US 7038669 B2
A method is taught for providing a reference video signal to a video display through a video interface from a video display adapter for a host computer. The method includes the step of providing a horizontal sync line to carry a horizontal sync signal that occupies pre-defined time intervals as a representation of a horizontal sync pulse. Another step is signaling to the video display adapter that a reference amplitude pulse will be sent on a video data line. A further step is sending the reference amplitude pulse on a video data line during the pre-determined time intervals when the horizontal sync signal occupies the horizontal sync line.
1. A video display system that transmits a gain control signal from a video display adapter to a video display, comprising:
a pixel clock signal configured to provide a reference at a predetermined fraction of a display pixel clock rate onto a vertical sync signal;
a clock enable line configured to enable a display to signal when the display can accept the pixel clock signal;
a vertical sync signal line, configured to transmit the pixel clock signal for a plurality of predetermined time intervals;
a vertical sync signal comprised of a null pulse on the vertical sync signal line which occurs in a vertical sync signal time between each of the plurality of predetermined time intervals of the pixel clock signal;
a video data line configured to carry video image data;
a pin in one video data line that is grounded in order to signal to the video display adapter that a gain reference amplitude pulse can be sent;
a gain reference amplitude pulse that is transmitted on the video data line during the vertical sync signal time when the vertical sync signal is occupying the vertical sync signal line.
2. A video display system as in
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5. A video display system that corrects for transmission losses on a video interface, comprising:
a video display adapter located in a host computer;
a video display, coupled to the video display adapter by a video transmission line, for displaying video information;
a vertical sync signal line in the video transmission line, having time intervals that are occupied by a vertical sync signal;
a video data line configured to carry video image data
a pin in one video data line that is grounded in order to signal to the video display adapter that a gain reference amplitude pulse can be sent; and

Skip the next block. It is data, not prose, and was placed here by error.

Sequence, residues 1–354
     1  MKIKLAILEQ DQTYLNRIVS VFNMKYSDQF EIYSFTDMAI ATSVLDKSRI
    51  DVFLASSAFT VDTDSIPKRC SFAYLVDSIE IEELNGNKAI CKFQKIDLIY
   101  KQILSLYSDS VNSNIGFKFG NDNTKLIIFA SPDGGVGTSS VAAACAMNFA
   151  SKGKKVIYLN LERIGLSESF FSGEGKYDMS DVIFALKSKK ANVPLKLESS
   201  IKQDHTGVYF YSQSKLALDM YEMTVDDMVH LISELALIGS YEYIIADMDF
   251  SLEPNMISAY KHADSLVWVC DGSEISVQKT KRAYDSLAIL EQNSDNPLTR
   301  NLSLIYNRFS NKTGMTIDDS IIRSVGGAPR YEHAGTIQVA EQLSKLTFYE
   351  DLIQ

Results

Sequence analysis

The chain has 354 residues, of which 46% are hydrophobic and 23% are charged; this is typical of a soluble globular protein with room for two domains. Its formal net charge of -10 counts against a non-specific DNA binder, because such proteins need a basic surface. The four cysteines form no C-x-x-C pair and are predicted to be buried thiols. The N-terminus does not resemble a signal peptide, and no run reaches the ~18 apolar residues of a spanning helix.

a gain reference amplitude pulse that is transmitted on the video transmission line during the time intervals when the vertical sync signal is occupying the vertical sync signal line, where the gain reference amplitude pulse allows the video display to correct for transmission losses.
6. A video display system as in
7. A video display system that corrects for transmission losses on a video interface, comprising:
a video display adapter means located for interfacing with a host computer;
a video display means, coupled to the video display adapter means by a video transmission line with video data lines, and for displaying video data;
an vertical sync line in the video transmission line, configured for transmitting a vertical sync signal during pre-determined time intervals
a pin means in a video data line that can be grounded for sending a signal to the video display adapter that a gain reference amplitude pulse can be sent; and
a gain reference amplitude means configured for correcting transmission losses, and for transmitting on the video data line during the pre-determined time intervals when the vertical sync signal is occupying the vertical sync line.
8. A method for providing a reference video signal to a video display through a video interface from a video display adapter for a host computer, comprising the steps of:
providing a vertical sync line to carry a vertical sync signal that occupies pre-defined time intervals;
signaling to the video display adapter that a reference amplitude pulse will be sent on a video data line by grounding a pin on a video connector indicating that the reference amplitude pulse will be sent on a video data line;
sending the reference amplitude pulse on the video data line during the pre-defined time intervals when the vertical sync signal occupies the vertical sync line.
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19. A video display system that corrects for transmission losses on a video interface, comprising:
a video display adapter located in a host computer;
a video display coupled to the video display adapter by the video interface having video data lines;
a vertical sync signal line in the video interface, having time intervals that are occupied by a vertical sync signal;
a gain reference amplitude pulse that is transmitted on the video data lines during the time intervals when the vertical sync signal is occupying the vertical sync signal; and
a pin of a video data line that is grounded in order to signal to the video display adapter that a gain reference amplitude pulse can be sent.
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a clock enable signal line, associated with the video display adapter, that can be held to a low voltage by the display to signal that clock information can be sent across the video data lines; and
a pixel sampling clock signal that is sent on the video data lines during time intervals that are not reserved for the vertical sync signal.
The present invention relates generally to providing a reference video signal.